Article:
Editor’s Note: This is part of Picture this Post's series - CHOREOGRAPHERS' EYES - DANCERS EXPLAIN DANCE. Find more here.
Award-winning Chicago choreographer Winifred Haun was one of the choreographers on the tour of the MCA’s recent exhibit, “Merce Cunningham: Common Time.”
In a recent performance her troupe re-mounted her earlier work, Bento, which in part pays homage to Merce Cunningham. (Read the full review Winifred Haun & Dancers and Emma Serjeant Performance Present TRASHED – Movement with Meaning and Gee Whiz! Here.) Winifred Haun (WH) shares here thoughts about the exhibit and how Merce Cunningham has affected her career with Picture this Post (PTP) below.
PTP: How much did you know about Merce Cunningham before touring the MCA’s exhibit? Were there any surprises in what you saw/learned?
WH: “ I knew a lot about Merce Cunningham before the MCA tour (probably any modern or contemporary dancemaker that’s my age knows a lot about Merce...), so I was really eager to see the exhibit and to explore what the MCA felt was important about Merce’s work and his contributions to the art world.
There weren’t any real surprises for me, but I was really excited to see the video hall and to view the costumes and sets/backdrops up close. It was also great to experience the exhibit with my colleagues from the Chicago dance community.”
PTP: At any point in your artistic development, did Cunningham’s precedent work affect you?
WH: “I first saw the Merce Cunningham Dance Company perform live in 1984 in Chicago at the Goodman Theater. I had just graduated from college where I had learned about Merce and his company and his dance making ideas, which, as a budding choreographer, seemed really inspiring and useful.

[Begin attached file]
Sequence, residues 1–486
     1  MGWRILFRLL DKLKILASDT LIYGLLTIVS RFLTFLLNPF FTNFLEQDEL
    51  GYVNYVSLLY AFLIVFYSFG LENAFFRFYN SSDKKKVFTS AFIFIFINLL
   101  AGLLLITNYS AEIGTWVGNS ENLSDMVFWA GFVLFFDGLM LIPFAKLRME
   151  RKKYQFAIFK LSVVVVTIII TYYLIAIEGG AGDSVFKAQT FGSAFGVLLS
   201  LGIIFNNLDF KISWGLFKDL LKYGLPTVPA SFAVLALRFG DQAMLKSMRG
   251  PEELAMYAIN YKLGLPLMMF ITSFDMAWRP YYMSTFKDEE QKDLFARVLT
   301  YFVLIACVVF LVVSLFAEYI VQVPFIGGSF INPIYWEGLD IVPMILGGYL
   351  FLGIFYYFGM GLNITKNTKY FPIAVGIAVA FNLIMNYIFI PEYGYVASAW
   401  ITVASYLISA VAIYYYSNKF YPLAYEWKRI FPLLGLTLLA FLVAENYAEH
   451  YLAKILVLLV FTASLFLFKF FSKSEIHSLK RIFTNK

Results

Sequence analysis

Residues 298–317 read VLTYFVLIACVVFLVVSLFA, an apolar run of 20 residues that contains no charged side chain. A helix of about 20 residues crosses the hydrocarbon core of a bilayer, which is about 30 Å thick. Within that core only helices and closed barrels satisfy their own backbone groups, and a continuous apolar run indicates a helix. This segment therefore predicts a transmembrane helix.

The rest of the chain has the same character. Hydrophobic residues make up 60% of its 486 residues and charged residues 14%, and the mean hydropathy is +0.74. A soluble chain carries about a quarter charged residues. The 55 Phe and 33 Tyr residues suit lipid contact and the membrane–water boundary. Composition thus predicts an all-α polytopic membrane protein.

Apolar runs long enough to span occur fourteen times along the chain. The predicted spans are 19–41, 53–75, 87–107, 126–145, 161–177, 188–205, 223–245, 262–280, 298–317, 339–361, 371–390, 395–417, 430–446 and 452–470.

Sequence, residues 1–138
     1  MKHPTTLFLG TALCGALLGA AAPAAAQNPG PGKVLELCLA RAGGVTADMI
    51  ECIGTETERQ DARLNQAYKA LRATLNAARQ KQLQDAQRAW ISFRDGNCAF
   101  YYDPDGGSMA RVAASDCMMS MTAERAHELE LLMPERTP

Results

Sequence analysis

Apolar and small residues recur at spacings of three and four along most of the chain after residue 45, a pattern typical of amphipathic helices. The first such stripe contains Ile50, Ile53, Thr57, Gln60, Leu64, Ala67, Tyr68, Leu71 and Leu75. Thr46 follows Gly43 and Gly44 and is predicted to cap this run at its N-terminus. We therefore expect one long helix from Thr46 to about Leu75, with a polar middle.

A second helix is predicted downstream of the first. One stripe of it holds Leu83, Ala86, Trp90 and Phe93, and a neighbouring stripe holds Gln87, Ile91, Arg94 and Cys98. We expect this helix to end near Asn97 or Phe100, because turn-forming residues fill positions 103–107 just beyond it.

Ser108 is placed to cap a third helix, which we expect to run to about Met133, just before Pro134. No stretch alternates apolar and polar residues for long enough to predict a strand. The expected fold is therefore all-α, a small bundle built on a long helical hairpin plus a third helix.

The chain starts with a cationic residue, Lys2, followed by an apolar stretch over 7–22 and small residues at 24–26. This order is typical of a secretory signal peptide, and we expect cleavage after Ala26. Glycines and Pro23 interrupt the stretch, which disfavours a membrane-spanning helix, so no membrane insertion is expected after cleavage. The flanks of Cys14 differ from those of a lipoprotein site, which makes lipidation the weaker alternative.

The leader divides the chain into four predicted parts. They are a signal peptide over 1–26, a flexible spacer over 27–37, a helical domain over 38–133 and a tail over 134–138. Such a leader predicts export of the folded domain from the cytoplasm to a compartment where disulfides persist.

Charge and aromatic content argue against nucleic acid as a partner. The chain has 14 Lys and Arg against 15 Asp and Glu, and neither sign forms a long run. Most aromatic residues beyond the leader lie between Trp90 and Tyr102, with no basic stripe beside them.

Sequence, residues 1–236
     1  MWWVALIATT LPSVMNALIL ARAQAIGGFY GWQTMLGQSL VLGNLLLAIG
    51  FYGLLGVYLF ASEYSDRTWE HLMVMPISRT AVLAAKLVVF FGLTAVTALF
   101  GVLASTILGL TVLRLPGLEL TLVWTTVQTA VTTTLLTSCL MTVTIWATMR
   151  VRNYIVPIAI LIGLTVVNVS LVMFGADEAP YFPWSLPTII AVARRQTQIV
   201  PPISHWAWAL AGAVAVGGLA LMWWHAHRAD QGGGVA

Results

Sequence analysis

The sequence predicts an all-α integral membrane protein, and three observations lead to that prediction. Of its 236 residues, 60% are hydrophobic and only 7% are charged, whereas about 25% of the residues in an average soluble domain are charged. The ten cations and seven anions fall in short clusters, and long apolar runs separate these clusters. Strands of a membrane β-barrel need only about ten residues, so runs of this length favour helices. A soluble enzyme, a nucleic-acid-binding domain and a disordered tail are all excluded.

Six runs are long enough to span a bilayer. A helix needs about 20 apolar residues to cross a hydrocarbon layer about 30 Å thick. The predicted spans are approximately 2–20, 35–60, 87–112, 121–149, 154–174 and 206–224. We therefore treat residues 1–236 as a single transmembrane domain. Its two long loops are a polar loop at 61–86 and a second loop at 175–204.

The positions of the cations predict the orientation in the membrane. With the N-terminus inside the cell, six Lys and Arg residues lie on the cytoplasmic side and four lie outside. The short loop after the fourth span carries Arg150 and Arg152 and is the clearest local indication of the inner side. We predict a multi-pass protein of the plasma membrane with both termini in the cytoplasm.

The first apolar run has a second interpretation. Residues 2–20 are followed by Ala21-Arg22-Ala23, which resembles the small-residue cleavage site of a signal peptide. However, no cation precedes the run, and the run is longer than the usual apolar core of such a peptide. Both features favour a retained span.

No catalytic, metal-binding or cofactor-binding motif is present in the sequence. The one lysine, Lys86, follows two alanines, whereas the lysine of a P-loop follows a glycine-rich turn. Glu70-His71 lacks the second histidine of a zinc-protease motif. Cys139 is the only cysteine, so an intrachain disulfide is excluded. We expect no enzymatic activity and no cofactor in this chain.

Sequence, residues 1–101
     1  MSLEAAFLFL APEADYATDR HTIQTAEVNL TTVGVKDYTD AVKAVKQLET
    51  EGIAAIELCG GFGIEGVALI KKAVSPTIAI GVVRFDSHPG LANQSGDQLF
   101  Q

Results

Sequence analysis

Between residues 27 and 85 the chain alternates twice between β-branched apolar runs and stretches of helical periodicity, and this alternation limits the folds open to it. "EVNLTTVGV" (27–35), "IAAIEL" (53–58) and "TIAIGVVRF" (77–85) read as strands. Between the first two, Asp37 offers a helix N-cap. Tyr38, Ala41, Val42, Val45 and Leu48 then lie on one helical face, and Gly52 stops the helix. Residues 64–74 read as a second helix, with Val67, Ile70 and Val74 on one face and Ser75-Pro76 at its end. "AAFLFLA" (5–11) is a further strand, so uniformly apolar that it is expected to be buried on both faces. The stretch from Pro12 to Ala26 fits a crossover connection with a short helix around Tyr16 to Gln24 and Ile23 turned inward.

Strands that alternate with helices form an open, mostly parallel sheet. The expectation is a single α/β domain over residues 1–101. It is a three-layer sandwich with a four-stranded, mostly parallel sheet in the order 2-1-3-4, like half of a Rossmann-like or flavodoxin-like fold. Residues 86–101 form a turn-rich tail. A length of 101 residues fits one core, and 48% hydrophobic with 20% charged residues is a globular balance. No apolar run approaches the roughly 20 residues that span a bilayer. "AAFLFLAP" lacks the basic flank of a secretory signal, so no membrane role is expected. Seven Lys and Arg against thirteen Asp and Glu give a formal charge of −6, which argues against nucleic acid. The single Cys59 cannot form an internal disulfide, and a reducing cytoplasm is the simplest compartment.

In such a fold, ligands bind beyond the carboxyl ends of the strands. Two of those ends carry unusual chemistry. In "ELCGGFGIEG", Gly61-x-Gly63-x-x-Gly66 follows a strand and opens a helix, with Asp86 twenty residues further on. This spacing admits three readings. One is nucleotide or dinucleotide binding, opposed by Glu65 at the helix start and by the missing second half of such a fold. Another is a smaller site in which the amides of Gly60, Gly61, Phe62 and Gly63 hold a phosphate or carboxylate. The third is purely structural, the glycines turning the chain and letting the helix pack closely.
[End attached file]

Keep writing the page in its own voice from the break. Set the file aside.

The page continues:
At the time, I was auditioning everywhere, trying to find a job dancing in a modern dance company and I was trying to see as much dance as possible. I’ll admit that I only mildly enjoyed the performance. To the uninitiated, Merce’s work can seem dry and to the 20-something me, the concert seemed long. I thought the dancers were amazing though, and it was a real education to see Merce himself perform.
My next experience of Merce and his work was in the 1990’s through a composer I was working with, Gene Coleman. By then, I was 30 something and I had started my own dance company and I was choreographing a lot.
Gene was really influenced by the work of Merce’s life long collaborator, composer John Cage. Gene and I created about four works together and he introduced me to the films of Merce and John, made by Elliot Caplan. (This was before the internet, so to get to watch those films required a lot of time and effort!)
Caplan’s films were a revelation to me because they revealed that these icons of modern dance were real people. In one of the films, (I think it was Cage Cunningham) the famous couple were just sitting in their kitchen in New York, laughing and joking. (Like real people!)